Watches of Knightsbridge, January 28 2017
Sold for: £18,750
When the National Geographical Society magazine published an article in 1953 about Jacques Cousteau exploring the Grand Congloue island off Marseilles, demand for the newly-perfected SCUBA took off like a rocket.
And it was no coincidence that Rolex chose that year’s Basel watch fair to unveil its now-legendary Submariner model, which was one of the world’s first professional dive watches. But not the first. That honour, in all likelihood, went to Blancpain’s Fifty Fathoms that was released a few months earlier, purely for military use by the French Navy.
Cousteau, however, wore a Fifty Fathoms for the making of his award-winning film 1957 The Silent World, quickly creating a civilian market for the watch that prevails to this day.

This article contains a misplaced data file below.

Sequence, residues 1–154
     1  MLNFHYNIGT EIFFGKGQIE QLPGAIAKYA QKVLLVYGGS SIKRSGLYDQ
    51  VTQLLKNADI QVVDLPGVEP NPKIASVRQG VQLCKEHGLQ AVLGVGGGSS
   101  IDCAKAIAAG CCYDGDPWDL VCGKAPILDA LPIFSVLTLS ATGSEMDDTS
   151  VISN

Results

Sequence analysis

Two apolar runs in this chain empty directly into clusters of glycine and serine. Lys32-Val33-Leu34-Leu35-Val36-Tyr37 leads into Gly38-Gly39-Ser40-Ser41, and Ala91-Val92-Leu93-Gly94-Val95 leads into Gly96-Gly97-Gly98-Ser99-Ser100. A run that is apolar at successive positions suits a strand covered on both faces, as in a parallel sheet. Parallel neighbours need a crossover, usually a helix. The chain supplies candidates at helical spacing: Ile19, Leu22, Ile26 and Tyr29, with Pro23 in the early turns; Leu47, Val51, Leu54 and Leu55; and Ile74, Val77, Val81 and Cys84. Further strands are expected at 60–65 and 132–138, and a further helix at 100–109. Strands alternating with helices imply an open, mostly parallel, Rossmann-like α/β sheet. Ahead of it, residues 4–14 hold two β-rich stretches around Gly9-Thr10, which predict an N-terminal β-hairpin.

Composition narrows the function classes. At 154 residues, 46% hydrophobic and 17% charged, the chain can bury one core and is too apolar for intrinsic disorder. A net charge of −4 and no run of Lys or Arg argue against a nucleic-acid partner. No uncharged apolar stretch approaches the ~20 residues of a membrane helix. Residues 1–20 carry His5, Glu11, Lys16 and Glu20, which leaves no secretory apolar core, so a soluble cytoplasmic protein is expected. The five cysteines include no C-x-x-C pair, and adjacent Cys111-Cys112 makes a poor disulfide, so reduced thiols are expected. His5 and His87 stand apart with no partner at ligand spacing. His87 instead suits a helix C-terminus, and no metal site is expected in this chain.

And vintage versions are, of course, highly collectable – as demonstrated by the sale of this 1960s example for more than double its low estimate. A quintessential tool watch, the Fifty Fathoms has been made in a variety of guises, but this clean, clear original is considered by many to be the best – especially with the inclusion of the yellow and red radiation symbol, a military requirement designating the use of radium paint to make the dial markings luminous. This one, however, has the symbol crossed out to indicate a switch to non-harmful tritium.
In summary: A true tool watch classic which is still entirely wearable today and – if correctly maintained – suitable for the use for which it was originally intended. And far less obvious a choice than a Submariner.